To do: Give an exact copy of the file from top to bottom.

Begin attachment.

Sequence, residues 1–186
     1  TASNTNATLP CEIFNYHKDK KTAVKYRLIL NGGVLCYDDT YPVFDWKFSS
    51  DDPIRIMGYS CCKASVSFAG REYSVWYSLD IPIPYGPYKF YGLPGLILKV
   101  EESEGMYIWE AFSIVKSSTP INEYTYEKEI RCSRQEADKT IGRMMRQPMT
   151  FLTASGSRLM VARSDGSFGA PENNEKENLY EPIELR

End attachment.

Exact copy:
Sequence, residues 1–186
     1  TASNTNATLP CEIFNYHKDK KTAVKYRLIL NGGVLCYDDT YPVFDWKFSS
    51  DDPIRIMGYS CCKASVSFAG REYSVWYSLD IPIPYGPYKF YGLPGLILKV
   101  EESEGMYIWE AFSIVKSSTP INEYTYEKEI RCSRQEADKT IGRMMRQPMT
   151  FLTASGSRLM VARSDGSFGA PENNEKENLY EPIELR